I only know a little about taking care of really old pieces of textile, but you can always contact a textile conservator/restaurator. They know how to look after these materials. I know from working with old textiles, that the best way to keep them save is to keep them away from direct sunlight. Also make sure that the lighting in the room where the piece is presented is rather soft, so it won't harm the piece. If you want to store them save, you can get special acid-free boxes and paper that's sunlight resistant at specialised craft stores. Normal cardboard boxes will cause damage to the fabric.

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    1. Thanks so much, this is brilliant information!

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  3. Wow! They are magnificent. Could you possibly frame a couple? I don't know how you would go about it but museums and archive collections would probably give you some ideas.

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    1. Thanks Wendy, I'll certainly look into a few options.

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  4. For starters, how about making a few little zippered pouches for your aunts and yourself, using a wee piece of the straight lace? Then you've said thank you, used a bit, and you can wait to use the rest when the mood strikes you! :)

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    1. What a lovely idea, thank you!

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  5. Hey hun, They are fab. I'm a dress historian and the best way is out of direct sunlight. If they have weak spots make sure they are supported by a bit of light organza. It can be hand stitched gently on the back if your going to display them in frames. The rust marks are more tricky, I would leave them alone if I were you. A professional conservator has to note any damage and evaluate if it is going to damage the piece more by trying to get rid of it.
    Hope this helps a bit! x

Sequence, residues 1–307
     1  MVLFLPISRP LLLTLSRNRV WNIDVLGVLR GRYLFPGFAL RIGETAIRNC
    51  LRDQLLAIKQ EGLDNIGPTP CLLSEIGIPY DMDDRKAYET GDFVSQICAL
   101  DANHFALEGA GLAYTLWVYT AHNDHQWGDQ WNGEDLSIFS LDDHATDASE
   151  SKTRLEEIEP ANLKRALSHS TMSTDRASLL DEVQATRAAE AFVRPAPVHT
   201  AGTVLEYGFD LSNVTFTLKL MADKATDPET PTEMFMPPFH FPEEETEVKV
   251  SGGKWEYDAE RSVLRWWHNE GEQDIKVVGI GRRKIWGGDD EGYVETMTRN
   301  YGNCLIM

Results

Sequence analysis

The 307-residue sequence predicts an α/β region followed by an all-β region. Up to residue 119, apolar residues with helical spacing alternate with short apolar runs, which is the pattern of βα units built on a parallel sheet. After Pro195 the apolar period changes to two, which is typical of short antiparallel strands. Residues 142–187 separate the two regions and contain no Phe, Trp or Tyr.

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    1. Thanks Stevie, this helps a lot! And what a cool job you have!!!

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  6. They are beautiful. I especially love the very first one, it's exquisite! I agree with Wendy - framing seems a wonderful way of preserving and displaying some of them.

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  7. Those collars are gorgeous! I love the shape of them and I really hope you do something very special with them.

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    1. I definitely plan on at least making something with one or two of them, would be such a shame not to!

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  8. Wow! How amazing! What special heirlooms-- I'm so glad they've made their way to you!

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  9. as per Stevie:
    "Hey hun, They are fab. I'm a dress historian and the best way is out of direct sunlight. If they have weak spots make sure they are supported by a bit of light organza."

    definitely. especially if you intend to wear them. then i would line the whole collar in organza and baste around the weak spot for extra support.. in which case, also hand baste them all around the edges with small basting stitching stitches (so they don't catch on anything) so they can be removed for washing. when washing, not dry cleaned, swish them gently in baby shampoo or quilt cleaning liquid soap. don't wait until the lace becomes oily from your skin. it's better to wash the lace a little more often if necessary.